Of course, with the success of this first entry it was only a matter of time before a sequel was made, and rightly so. Dead Space 2 took what was great about the original and continued on the harrowing story. Isaac is now held in an asylum on the Sprawl – a space station on one of the moons of Saturn. Diagnosed with dementia, post-traumatic stress disorder and amnesia, whilst also being experimented on for answers as to what happened on the Ishimura – the intro of running away from a few necromorphs unarmed in the first Dead Space was bettered by the frantic panic of the second’s. Running from loads of them whilst in a straight jacket; all the while the people who had been torturing you for months, coupled with other patients, being ripped apart or transforming into the creatures themselves.
There are of course many moments that rival scenes from the first; walking through a school as you get attacked by transformed babies and infants, being a strong one that springs to mind. The best moment however, or at least my personal favourite, is returning to the Ishimura after discovering it docked on the space station. It is truly eerie as you re-enter places that you experienced from the first game. I must also take my hat off to the ending of Dead Space 2; even if it wasn’t as disturbing as the first it still played on the same element with a rather humorous twist. Expecting Isaac to still see visions of his dead girlfriend, only to have his partner Ellie turn around and say “what?” – this is a sign that Isaac’s torment may finally be over, and despite the fact that there is soon to be a 3rd entry, all necromorph fighting aside Isaac seems like less of a victim this time around.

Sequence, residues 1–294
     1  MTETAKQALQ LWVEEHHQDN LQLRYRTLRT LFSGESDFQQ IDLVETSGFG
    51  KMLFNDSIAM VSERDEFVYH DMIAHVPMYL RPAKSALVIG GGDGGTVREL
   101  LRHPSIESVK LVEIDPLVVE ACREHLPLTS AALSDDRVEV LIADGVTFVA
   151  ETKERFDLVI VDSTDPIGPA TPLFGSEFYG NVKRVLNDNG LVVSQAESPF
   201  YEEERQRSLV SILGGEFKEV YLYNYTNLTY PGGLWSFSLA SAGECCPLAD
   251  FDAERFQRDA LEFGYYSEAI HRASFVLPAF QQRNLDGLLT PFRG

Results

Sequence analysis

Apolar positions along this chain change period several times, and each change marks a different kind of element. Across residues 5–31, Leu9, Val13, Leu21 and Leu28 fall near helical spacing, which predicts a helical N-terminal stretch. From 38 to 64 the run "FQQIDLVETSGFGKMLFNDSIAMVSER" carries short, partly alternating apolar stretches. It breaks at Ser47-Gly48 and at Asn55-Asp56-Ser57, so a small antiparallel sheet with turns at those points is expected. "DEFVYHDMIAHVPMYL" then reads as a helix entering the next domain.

So, are you a fan of the Dead Space series? If so, should you be looking forward to the new 3rd entry? I can only assume that if you are reading this then your answer to the first question is yes, and my answer to you for the second question is the same. You should definitely be looking forward to Dead Space 3! From the get go we are introduced to great surroundings. First, a blizzard and great movement through the snow. Secondly, frozen giant necromorph beasts towering above you in various openings in the landscape.
The real beauty of Dead Space 3 is not in its animation and surroundings though; it is in that you can play the entire game solo still, without even an AI partner by your side if you so choose. This was my one fear that would destroy the horror of Dead Space – the introduction of co-operative gameplay. Of course the co-op option is still there, and this is something that the Resident Evil franchise could learn from if it insists on adding a partner. In fact, it would probably benefit you to play co-op if you want to get more story out of the game; cut-scenes that don’t happen in single player where Isaac and newcomer John Carver have conversations between one another. You can tell that there is definitely tension between the two characters.